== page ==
New Aberdeen manager Stephen Glass will be hoping the proverb “all things come to he who waits” will be proved correct at Pittodrie.
More than three weeks after officially being confirmed as the club’s new boss, he has finally started working with the Dons.
The delay in his arrival was yet another twist in what has been a bizarre 14 months amid the Covid-19 crisis.
How frustrating it must have been for Glass to have his Pittodrie start delayed by 10 days in quarantine due to Covid-19 travel regulations, having flown in from the United States.
Cormack Park, Pittodrie and the Dons squad were so near – but yet so far as he had to isolate for that period.
While most would binge watch on Netflix during isolation, Glass has watched the Dons’ wins over St Johnstone and Dumbarton remotely.
Not only did he watch them live, the new manager will undoubtedly have studied reruns in depth to identify the strengths and weaknesses of the squad and individual players.
Glass was also sent daily footage of the Dons’ training sessions last week to study.
Rather than a hindrance, those 10 days in quarantine could be a blessing in disguise.
New managers are normally thrown into maelstrom of a team that is struggling and expected to immediately deliver an upturn in fortunes.
Those immediate pressures could suck a new manager into dealing purely with the now, to the detriment of looking towards the future.
Glass has had 10 days of seclusion, not only to assess the current squad, but also to work further on his long-term strategy for the club.
It was an astute move of Glass to step back and allow development team coach Paul Sheerin autonomy over team selection and tactics while in interim charge.
Having a manager in charge remotely could have muddied the water in games the Dons had to win. It showed focus and clarity of thought from Glass. It also allowed him the time and space to look at the bigger picture and how he can quickly integrate his footballing philosophy into the club.
Following the 1-0 defeat of St Johnstone, skipper Joe Lewis said that in talks with Glass the new manager underlined his aim to bring free-flowing, attacking action – and goals.
After seven 0-0 draws this season and just three goals in the last 12 games, that will be music to the ears of Aberdeen supporters.
On his first day at Cormack Park yesterday, Glass vowed he was determined to “hit the ground running” in the quest to bring success to the club and make an early mark.
Glass has an opportunity to achieve that as the Scottish Cup campaign and the bid to finish third remain alive.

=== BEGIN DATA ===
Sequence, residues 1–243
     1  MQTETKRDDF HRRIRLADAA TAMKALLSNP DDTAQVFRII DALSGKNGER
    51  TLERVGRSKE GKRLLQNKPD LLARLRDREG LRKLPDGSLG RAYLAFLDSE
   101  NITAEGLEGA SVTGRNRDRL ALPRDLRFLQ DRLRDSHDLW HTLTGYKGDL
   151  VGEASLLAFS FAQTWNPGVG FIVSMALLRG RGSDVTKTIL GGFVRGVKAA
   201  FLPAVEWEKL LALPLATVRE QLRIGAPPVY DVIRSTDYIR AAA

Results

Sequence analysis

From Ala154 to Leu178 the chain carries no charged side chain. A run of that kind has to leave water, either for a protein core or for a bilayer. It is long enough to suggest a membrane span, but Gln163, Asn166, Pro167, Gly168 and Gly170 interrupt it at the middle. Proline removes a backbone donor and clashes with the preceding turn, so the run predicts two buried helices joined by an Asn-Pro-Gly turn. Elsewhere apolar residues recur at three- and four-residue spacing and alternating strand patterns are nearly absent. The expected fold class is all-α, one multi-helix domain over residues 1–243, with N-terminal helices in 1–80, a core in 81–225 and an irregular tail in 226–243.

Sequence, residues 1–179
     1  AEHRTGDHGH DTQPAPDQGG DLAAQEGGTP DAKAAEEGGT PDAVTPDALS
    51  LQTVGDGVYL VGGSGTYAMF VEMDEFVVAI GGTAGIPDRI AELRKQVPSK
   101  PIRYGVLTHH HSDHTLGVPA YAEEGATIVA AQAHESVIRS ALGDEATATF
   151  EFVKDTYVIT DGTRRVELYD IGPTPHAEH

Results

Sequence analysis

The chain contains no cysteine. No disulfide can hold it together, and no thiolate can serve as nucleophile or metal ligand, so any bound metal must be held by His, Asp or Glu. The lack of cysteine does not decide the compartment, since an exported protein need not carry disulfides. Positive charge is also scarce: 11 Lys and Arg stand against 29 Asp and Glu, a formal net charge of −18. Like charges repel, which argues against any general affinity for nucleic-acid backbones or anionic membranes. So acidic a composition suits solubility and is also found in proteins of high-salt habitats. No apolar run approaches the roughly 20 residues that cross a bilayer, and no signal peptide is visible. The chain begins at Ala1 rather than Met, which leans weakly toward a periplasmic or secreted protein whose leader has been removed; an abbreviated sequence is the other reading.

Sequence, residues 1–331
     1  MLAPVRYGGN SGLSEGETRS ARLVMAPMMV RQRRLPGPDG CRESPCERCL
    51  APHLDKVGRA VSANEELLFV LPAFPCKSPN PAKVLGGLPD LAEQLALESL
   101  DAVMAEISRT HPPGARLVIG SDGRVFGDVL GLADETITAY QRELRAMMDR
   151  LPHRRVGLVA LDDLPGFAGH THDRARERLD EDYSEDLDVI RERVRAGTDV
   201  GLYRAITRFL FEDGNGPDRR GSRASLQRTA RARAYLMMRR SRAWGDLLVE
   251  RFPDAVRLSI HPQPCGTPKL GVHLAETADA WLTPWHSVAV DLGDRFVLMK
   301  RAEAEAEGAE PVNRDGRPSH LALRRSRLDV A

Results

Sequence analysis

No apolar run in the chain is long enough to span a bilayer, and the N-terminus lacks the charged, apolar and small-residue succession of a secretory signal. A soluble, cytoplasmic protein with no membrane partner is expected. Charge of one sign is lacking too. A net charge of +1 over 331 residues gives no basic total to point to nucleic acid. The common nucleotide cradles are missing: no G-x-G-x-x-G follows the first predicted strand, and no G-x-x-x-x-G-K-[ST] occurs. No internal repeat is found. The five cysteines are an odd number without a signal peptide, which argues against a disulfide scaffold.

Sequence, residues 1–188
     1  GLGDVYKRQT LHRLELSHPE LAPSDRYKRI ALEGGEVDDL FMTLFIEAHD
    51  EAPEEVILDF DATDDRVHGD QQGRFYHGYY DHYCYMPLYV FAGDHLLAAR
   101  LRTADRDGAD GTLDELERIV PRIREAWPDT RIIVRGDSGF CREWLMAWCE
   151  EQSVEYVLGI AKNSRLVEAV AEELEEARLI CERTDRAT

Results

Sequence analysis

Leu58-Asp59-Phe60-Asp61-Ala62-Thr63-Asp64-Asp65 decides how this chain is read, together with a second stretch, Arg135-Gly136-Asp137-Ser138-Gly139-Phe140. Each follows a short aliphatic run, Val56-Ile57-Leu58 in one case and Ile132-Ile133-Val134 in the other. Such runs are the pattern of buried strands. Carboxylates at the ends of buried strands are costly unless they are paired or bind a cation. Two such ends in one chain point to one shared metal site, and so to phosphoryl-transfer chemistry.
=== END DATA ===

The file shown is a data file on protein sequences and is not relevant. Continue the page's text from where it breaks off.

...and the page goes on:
The role of Sheerin in ensuring that is the case should not be underplayed. Sheerin took on a team low on confidence that couldn’t buy a goal.
He has handed over a side buoyed by back-to-back wins with plenty still to play for.
A new era has started and it is fascinating, and exciting, to see what lies ahead – starting against Livingston on Saturday.
Brora and Kelty MUST be given chance to progress this season
Brora Rangers and Kelty Hearts must be given the opportunity to progress to the senior leagues through the play-offs this season.
They both deserve their shot at promotion after being denied last season when football was shut down by the Covid-19 pandemic.
The SPFL released a statement last week saying it is “not in a position to announce dates for the pyramid play-off ties” due to “several issues”. Brora and Kelty must be given the chance to progress otherwise the SPFL will look like a closed shop putting up barriers to protect League Two strugglers. Not a good look.
Horse racing should be outlawed
The Long Mile, Houx Gris, Wargrave, Dothraki Prince, Dali Mail, Prudhomme, General Bux and Jampot Eddie.
They are not runners at an upcoming race meeting, but instead a depressing list of horses that have died while racing this month.
In the Grand National at the weekend, seven-year-old gelding The Long Mile suffered a broken near hind leg and was killed. I won’t say “put to sleep” since that is a euphemism that hides the horror of what these poor animals suffered.
It was the 13th time a horse has had to be put down at the world’s biggest steeplechase since 2000.
It’s the second consecutive year that a horse has lost its life in the race after Up For Review died in 2019. The race was cancelled last year due to the Covid-19 pandemic.
One year is not enough. The Grand National, and all horse racing, needs to be cancelled permanently.
Many people who don’t normally bet on horses traditionally have a wee punt on the Grand National. If you stuck a few quid on the race this year, was your conscience clear as the barrier went up on the course and The Long Mile was killed?
Still not convinced about the barbarity of horse racing?
Since 2007, 2,216 horses have been killed on British racecourses. That is more than two every single week.
Kill horse racing – not horses.